Chris Sale’s Cy Young chances took a hit on Wednesday. He was knocked after four runs and six innings, which broke his streak of six consecutive eight-inning starts. In what looks like a three-horse race for the award, he fell behind the other two:
Sale still holds the edge in innings, innings per start and runs per nine (look at the unearned runs the other two have), so he’s not out of it. He’s just probably going need one of the others to experience a similar stumble. Porcello certainly showed no signs of slowing down by throwing an 89-pitch complete game against Baltimore. He’s now 10-2 with a 2.40 and 7½ innings per start in the second half, so he’s solidified a Cy Young case that rests on his merits rather than run support.
Yet Sale's start on Wednesday wasn’t a complete waste. While he only recorded 12 outs, that was enough to beat his personal best for innings by a third of one. His previous high came in 2013, and those 214⅓ came over 30 starts as well. He’s attained this kind of innings-per-start rate before, but now he could get the chance to blow it away if the Sox allow him to start two more games.
(I’d assume that’s the plan. He’d been averaging 118 pitches per start over his previous six, and he leads the league with 108 pitches per start, with only Justin Verlander within three pitches of him. A four-inning outing followed by a fifth day of rest thanks to an off day today might be what he needed. If he pitches like butt again, there may not be a point for anybody involved.)
He also reached a mark by leaving three marks across two Phillies. His three HBPs give him 16 for the season, which sets a career high and ties a franchise record, which had been shared by Jim Scott (who you may remember from the World Tour) and Clark Griffith.
A White Sox pitcher hadn’t plunked that many batters in 107 years, and so I expected Sale to be well behind them in workload, similar to how he struck out more batters than Ed Walsh despite throwing 250something fewer innings. Remarkably, the sample size is comparable:
Griffith was toward the end of his career. He only pitched one more full season, but he had a rich history of plunking hitters before joining the White Sox in their inaugural year of 1901. He drilled 136 hitters over nine seasons in the American Association and National League, and he’s 11th in that department all-time.
Scott, on the other hand, drilled 16 in his rookie year, then never plunked more than nine batters in any of his other eight seasons, despite topping 300 innings in one and coming close in another.
Sale resembles the former, because 2016 is his fourth consecutive season with at least 10 hit batters. That’s not terribly unusual in MLB history, because guys like Dave Bush, Pedro Astacio and Orel Hershiser notched five in a row in recent history.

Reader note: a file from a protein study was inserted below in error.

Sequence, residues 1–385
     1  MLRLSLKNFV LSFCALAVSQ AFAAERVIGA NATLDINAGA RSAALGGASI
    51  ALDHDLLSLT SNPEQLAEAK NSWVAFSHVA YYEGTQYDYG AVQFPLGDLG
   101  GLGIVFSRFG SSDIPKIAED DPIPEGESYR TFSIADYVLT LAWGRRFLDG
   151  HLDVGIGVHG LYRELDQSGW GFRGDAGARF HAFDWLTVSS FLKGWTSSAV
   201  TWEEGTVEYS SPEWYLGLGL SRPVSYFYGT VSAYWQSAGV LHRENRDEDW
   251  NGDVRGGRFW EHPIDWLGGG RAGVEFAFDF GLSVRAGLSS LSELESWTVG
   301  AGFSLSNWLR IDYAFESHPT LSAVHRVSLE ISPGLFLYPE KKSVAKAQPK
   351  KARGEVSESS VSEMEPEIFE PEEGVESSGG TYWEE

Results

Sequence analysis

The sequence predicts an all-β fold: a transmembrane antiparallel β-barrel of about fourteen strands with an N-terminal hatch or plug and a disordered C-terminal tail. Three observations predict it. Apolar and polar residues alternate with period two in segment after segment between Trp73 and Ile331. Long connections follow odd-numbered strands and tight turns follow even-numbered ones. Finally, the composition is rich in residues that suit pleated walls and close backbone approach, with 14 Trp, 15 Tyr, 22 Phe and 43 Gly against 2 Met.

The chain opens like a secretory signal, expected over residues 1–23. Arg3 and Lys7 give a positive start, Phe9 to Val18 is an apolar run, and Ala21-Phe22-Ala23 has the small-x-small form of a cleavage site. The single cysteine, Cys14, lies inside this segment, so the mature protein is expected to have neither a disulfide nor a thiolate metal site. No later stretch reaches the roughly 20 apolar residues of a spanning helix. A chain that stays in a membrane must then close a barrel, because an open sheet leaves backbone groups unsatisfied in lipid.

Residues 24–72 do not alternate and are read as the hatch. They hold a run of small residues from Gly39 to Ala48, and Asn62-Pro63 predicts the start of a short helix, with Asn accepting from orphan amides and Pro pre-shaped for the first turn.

Rather, it’s unusual that Sox pitchers have plunked so few batters over their history, even with so many knuckleballers and spitballers and shineballers of renown. In fact, Sale is already third on the all-time list among some pretty big names:
- Red Faber, 103 over 4,087 innings.
- Doc White, 93 over 2,498 innings.
- Chris Sale, 62 over 1,098 innings.
- Wilbur Wood, 57 over 2,524 innings.
- Mark Buehrle, 55 over 2,477 innings.
That’s kinda staggering. Over the history of baseball, there have been 289 individual seasons with more HBPs than the White Sox’ record-setter, although Sale may cut into that margin by the time his season is over.
When people are trying to glean how Sale pitched from his Baseball-Reference.com page down the line, they’ll look at his ERA column, then strikeouts and hits per inning. But the HBPs may jump out in similar fashion, and it’s descriptive in its own right. While sometimes it’s a function of his temper, it rarely, if ever, seems purposeful. This year, it’s more a result of him trying to bury two-strike sliders down-and-in to right-handed hitters, when he used his changeup more in these situations before. Hitters are probably grateful for the scuffs on their shoes.
Besides HBPs, he’s also fewer than three seasons from setting the White Sox’ all-time strikeout record.
- Billy Pierce, 1,796 over 2,931 innings.
- Ed Walsh, 1,732 over 2,946 innings.
- Red Faber, 1,471 over 4,087 innings.
- Mark Buehrle, 1,396 over 2,477 innings.
- Wilbur Wood, 1,332 over 2,524 innings.
- Chris Sale, 1,231 over 1,098 innings.
These lists sum up why it’d be cool to see Sale in a uniform for as long as the circumstances allow, because he’s already a singular pitcher in many respects. Give him even double the innings he’s already thrown in Chicago, and it’s possible nobody in the franchise ever touches him the way the marks of Walsh and Faber are out of reach.